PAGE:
While Britain officially leaves the EU at midnight on 31 Jan 2020, it is only to enter a transition period that will last till 31 December. So, in the short term, nothing much will change. The UK and EU negotiating teams then have to come up with a trade deal in 11 months. When the withdrawal deal took three years...
The British government wants a deal with Europe that it knows would mean staying aligned with EU laws and regulations, while negotiating its own deals with other countries which are likely to require the UK accepting to import and export goods which don’t meet EU standards.
Just in case you missed any of this exciting soap opera, here is a quick reminder of how we got here:
23 June 2016: British voters chose to leave the European Union in a referendum. Britain had been a member of the union since 1973.
29 March, 2017: Prime Minister Theresa May triggered Article 50 of the Treaty of Lisbon, informing Brussels that the UK wanted to leave.
8 June 2017: Theresa May, who had replaced David Cameron as PM after the referendum, called a general election in the hopes of bolstering the Conservatives’ weak parliamentary majority. Instead, the party lost seats and was forced to enter an agreement with the Northern Irish DUP party to stay in power.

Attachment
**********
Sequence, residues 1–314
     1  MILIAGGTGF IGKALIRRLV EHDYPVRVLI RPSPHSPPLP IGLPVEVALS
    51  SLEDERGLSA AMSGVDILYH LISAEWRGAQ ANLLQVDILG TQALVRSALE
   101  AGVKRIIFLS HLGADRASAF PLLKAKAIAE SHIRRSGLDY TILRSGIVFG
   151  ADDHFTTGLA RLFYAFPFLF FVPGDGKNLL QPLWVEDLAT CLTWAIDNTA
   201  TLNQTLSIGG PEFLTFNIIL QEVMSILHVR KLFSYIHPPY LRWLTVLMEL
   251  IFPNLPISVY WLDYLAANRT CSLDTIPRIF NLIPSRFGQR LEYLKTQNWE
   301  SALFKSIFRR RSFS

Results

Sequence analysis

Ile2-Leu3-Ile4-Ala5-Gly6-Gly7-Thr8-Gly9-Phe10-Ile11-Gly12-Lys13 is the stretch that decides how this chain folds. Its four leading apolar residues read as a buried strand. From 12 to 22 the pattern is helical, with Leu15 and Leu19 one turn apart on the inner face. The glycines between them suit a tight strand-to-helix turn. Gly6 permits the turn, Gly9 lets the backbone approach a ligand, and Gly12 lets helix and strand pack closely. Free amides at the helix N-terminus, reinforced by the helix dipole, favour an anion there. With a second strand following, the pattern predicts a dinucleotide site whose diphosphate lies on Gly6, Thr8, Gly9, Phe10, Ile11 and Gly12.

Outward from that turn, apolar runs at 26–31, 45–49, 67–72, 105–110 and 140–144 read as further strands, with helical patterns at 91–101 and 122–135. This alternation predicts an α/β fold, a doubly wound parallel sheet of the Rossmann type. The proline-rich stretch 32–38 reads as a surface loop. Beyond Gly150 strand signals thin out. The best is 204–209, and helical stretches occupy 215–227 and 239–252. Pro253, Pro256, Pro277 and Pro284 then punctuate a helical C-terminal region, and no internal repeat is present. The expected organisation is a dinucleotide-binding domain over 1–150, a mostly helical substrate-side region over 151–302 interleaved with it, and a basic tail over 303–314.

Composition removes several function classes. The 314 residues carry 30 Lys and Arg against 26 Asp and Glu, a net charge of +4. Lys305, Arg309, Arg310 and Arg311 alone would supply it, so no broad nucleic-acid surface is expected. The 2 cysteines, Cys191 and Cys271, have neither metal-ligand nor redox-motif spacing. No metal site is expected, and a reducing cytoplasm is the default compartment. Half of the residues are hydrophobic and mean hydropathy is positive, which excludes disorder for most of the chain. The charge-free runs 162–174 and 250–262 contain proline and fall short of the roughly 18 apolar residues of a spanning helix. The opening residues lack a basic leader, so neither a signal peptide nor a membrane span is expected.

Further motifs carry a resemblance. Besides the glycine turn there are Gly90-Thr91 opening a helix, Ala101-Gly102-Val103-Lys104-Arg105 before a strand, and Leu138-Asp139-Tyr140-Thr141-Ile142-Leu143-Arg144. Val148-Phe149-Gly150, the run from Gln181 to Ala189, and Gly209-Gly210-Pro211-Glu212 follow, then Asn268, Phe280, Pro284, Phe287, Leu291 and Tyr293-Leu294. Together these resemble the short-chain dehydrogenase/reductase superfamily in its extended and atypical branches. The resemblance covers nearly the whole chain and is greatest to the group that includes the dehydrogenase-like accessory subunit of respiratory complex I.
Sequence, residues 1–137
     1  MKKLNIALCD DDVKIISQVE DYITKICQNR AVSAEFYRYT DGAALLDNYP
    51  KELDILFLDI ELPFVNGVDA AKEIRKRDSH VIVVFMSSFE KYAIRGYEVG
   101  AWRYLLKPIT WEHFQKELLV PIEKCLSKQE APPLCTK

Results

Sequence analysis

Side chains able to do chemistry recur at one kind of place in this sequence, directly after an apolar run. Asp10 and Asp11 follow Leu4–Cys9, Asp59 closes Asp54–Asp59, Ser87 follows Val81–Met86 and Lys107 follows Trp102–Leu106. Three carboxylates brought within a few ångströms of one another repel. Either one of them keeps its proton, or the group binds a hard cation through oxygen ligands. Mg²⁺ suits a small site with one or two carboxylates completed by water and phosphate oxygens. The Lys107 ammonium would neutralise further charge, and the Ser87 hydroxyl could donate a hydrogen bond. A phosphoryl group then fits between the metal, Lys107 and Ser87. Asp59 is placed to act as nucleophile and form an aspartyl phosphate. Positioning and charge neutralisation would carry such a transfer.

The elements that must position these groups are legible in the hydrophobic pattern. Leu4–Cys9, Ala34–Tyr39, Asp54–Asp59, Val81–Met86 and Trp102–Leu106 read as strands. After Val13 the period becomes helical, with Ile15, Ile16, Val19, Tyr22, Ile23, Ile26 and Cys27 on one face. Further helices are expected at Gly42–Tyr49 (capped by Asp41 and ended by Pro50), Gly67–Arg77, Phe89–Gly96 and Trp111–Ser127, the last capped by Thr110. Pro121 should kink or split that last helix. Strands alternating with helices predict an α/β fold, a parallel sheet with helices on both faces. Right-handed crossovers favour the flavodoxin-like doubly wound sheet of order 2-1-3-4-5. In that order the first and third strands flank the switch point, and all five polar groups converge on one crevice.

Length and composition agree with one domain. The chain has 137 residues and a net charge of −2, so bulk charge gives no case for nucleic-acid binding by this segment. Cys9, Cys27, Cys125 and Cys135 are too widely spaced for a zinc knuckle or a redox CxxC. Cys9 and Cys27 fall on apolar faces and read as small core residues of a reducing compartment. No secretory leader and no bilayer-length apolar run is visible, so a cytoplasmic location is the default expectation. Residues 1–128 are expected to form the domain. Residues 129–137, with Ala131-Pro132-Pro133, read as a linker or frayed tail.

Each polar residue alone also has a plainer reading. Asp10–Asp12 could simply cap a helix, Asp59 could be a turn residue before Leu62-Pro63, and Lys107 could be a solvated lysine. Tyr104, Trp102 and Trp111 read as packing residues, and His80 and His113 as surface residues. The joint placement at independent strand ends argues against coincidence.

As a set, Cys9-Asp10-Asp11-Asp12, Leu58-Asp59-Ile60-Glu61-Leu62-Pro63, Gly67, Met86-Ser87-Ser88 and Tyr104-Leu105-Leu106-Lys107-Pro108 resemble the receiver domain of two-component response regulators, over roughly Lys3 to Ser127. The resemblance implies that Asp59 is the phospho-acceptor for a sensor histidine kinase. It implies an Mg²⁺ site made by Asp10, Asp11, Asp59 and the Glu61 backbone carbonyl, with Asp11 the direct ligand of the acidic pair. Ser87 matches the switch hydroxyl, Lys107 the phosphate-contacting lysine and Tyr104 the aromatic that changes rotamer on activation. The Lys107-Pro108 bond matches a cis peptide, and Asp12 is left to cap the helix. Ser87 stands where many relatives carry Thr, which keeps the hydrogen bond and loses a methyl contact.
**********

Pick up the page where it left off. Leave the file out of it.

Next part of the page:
29 March 2019: Brexit Day… except it wasn’t. Mrs May hadn’t managed to Parliament to pass the Withdrawal Agreement, so her government had had to negotiate an extension to 31 October.
9 June: Theresa May resigned as Conservative leader.
24 July: The Conservative Party voted for Boris Johnson as May’s successor, and he became Prime Minister.
31 October: Brexit Day? No. Mr Johnson had suffered a series of defeats in Parliament and was forced to ask for another extension, to 31 January, 2020.
12 December: In a snap general election, the Conservative Party won a majority and proceeded to pass the withdrawal agreement.
31 January 2020: Brexit Day! Britain leaves the EU at midnight. The transition period begins.
31 December: End of the transition period.
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